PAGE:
Can music save your mortal soul?

I imagine, when this whole thing is over and the wicked pandemic witch is at last dead, someone will need to coax us all back into the glorious freedom of our lives.

I’d like to think musicians will be our Glindas, summoning us with their eloquent songs to “come out, come out wherever you are” and, knowing it’s safe to do so, we’ll emerge like munchkins so, so ready to dance and sing along.

I know I’ll be ready because it’s been a very long time since I sat still and let the magic of live music wash over me. I can’t wait to do it again. Even more than I am ready to hear them, though, the musicians are anxious to perform.

A few weeks before Christmas I turned the corner near my house and saw a man walking toward my front door.

“Weird,” I said to the little fellow in my passenger seat. “That man looks like Jon Wheelock.”

“Who is Jon Wheelock?” he asked.

“He’s a really good musician who used to play gigs all over the place in the before times,” I said. “He plays in a band called J-Council and Molly, Kathy, Keith, Grandma and I really love to listen to him.”

Well, it turns out the man who looked like Jon Wheelock actually was Jon Wheelock. He was delivering a T-shirt Molly had ordered for my Christmas present, which was an excellent choice on many levels. We can’t really support live music right now, but we can buy merch and download songs and even that little bit may help keep talented artists, who depend on touring for their income, solvent until they can get back on the road and do what we all love.

I don’t know how our creative people are making it through this year with so few opportunities to perform. I’ve seen some gallant efforts — virtual concerts, patreon subscriptions, house concerts in people’s backyards when the weather allows. But, if you depended on paying gigs for your income, and live performances for your soul, you might despair as the months of this pandemic dragged on.

That’s why I wear my musician T-shirts with such pride. I want them to know there are a lot of people like me, who understood the gift of free live music when we could simply stroll downtown and gorge on it, and are actively seeking ways to support it now.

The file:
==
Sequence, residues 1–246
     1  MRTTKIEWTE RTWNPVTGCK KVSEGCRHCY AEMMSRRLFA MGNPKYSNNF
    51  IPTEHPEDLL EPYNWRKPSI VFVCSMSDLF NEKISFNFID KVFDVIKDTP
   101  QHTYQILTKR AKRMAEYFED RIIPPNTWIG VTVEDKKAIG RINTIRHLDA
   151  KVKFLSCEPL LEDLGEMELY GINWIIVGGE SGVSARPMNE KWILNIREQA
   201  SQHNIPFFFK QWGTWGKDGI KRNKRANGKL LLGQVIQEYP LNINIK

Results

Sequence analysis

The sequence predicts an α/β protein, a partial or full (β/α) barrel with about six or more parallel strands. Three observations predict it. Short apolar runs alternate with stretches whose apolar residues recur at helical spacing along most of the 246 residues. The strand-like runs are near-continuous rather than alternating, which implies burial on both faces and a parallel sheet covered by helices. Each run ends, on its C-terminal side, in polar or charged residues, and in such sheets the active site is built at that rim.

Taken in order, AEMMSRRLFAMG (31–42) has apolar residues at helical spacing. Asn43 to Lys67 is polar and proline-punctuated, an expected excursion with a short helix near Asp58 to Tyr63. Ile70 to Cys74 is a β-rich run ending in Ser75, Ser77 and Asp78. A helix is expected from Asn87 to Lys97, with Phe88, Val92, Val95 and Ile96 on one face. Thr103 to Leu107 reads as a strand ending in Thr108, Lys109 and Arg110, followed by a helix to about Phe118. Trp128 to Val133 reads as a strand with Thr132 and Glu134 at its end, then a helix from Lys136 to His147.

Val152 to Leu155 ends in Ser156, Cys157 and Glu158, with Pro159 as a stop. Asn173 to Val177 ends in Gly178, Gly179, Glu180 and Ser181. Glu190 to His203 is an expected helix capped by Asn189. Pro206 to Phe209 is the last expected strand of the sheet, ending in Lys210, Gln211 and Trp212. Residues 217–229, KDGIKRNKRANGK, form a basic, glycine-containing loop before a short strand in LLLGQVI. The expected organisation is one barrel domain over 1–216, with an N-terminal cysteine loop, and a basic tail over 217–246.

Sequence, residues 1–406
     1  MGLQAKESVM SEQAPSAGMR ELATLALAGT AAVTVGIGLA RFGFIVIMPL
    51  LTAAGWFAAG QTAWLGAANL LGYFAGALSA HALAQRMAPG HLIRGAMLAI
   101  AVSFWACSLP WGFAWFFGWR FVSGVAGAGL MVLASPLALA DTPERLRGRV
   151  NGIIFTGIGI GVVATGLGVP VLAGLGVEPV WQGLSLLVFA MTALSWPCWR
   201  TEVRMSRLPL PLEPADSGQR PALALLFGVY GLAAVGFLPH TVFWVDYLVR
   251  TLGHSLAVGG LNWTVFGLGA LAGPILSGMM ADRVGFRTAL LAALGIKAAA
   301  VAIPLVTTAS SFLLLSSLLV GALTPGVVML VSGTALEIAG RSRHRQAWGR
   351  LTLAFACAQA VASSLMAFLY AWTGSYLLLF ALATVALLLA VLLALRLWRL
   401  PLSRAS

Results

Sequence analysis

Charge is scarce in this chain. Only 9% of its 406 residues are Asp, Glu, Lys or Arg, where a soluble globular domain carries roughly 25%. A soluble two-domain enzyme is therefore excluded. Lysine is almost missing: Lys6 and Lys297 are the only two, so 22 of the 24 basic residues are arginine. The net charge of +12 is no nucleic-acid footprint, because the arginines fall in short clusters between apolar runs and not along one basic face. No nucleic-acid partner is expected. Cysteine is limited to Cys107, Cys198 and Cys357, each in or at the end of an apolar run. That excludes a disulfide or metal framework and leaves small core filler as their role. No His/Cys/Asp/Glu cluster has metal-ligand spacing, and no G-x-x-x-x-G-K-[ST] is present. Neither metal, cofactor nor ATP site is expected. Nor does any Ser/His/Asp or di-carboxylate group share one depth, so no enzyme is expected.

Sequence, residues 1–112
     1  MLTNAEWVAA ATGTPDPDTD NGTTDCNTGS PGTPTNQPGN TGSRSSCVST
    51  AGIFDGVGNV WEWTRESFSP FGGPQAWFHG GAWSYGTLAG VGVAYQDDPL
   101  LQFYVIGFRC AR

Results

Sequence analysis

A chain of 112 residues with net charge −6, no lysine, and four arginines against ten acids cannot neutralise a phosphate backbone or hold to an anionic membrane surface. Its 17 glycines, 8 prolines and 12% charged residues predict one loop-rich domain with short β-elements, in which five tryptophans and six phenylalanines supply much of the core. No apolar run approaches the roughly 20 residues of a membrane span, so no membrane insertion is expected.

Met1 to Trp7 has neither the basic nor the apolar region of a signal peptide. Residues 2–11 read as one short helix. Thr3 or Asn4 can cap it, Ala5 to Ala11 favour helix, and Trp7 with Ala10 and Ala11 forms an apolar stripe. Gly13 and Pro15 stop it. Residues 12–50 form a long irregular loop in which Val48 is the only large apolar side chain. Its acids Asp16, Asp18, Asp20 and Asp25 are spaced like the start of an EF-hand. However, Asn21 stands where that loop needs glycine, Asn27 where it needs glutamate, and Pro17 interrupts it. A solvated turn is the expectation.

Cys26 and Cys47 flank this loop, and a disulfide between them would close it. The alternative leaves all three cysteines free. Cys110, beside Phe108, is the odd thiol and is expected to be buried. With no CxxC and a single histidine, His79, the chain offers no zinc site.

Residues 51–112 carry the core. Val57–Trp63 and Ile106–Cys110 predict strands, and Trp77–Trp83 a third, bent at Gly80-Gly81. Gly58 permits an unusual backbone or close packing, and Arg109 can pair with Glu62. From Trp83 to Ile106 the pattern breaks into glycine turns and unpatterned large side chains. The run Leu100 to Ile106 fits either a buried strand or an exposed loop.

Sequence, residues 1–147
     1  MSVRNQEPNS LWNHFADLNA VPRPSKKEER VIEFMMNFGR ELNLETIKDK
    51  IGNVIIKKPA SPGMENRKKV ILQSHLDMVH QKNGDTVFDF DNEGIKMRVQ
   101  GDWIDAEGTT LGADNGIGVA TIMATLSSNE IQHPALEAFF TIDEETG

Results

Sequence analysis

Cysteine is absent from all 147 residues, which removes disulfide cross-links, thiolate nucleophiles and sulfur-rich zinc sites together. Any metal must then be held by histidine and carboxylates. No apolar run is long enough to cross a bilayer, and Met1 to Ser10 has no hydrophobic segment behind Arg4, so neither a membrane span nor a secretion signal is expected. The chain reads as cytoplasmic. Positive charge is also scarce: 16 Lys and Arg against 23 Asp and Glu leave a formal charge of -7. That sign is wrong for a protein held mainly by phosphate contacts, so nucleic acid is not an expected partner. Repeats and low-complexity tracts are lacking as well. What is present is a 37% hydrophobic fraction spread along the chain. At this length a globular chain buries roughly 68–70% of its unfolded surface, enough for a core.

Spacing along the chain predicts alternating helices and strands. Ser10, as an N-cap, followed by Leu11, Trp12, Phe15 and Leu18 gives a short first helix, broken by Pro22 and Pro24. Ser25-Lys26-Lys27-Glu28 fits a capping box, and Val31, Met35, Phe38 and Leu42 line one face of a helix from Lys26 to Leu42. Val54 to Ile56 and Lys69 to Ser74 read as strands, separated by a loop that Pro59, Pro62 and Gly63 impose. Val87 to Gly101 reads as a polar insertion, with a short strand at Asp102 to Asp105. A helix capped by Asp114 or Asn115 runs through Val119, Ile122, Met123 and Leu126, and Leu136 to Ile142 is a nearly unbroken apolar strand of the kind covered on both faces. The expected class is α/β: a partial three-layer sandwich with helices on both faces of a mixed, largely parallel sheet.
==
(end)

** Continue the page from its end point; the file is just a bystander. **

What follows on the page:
As vaccines continue their wobbly rollout, I sense a light at the end of this tunnel, and I can’t wait to celebrate with a good old-fashioned live music concert.

In the meantime, here are some things we can do:

  1. Make a playlist of some of your favorite independent artists and share it. I’m always interested in learning about new music and I’ll gladly share my favorites as well.
  2. Download and stream music.
  3. Keep an eye on your favorite artists’ social media sites, offer come positive feedback and buy their merch.
  4. Consider making a donation directly to your favorite artist.

Don Mclean posed the question 50 years ago (Happy Anniversary American Pie!) and I believe we can answer with an emphatic Yes! Music can save our mortal souls.

Now it’s up to us to save the musicians.

Molly gave me this cool J-Council T-shirt for Christmas this year along with two others from Suitcase Junket and Wild Adriatic. I really appreciate all of the live music these talented groups have provided and I’m happy to support them until they can swing this way again.
I loved every Jon Wheelock concert I’ve ever attended.
Even this one, during which we were all swarmed by thousands of lake flies.
Remember when Mile of Music used to look like this and Wild Adriatic played like the rock stars they are?
I look forward to smaller, but even more significant live concert moments like this one as well, when Hillary Reynolds and her dad Ric finished their first set in the beautiful Lawrence Chapel during the inaurgural Mile of Music, and then pointed up in honor Hillary’s mother and my friend Trina.
Remember when Travis McNab played the drums on a napkin canister at the Queen Bee? Molly does.

2 thoughts on “Can music save your mortal soul?

  1. Listening to live music, especially in an outdoor setting is one of the things I miss most. Even walking past street musicians and stopping to share in their joy/grief/jubilation with other listeners. Music has the power to bring us together, and will. But you’re right about supporting the artists now (of all forms, actually) so they’ll be there for us then. Bring on the vaccines and dancing shoes!

    1. Yes! The unexpected music you hear as you walk past. I love it. I miss it. I will always be grateful for it.

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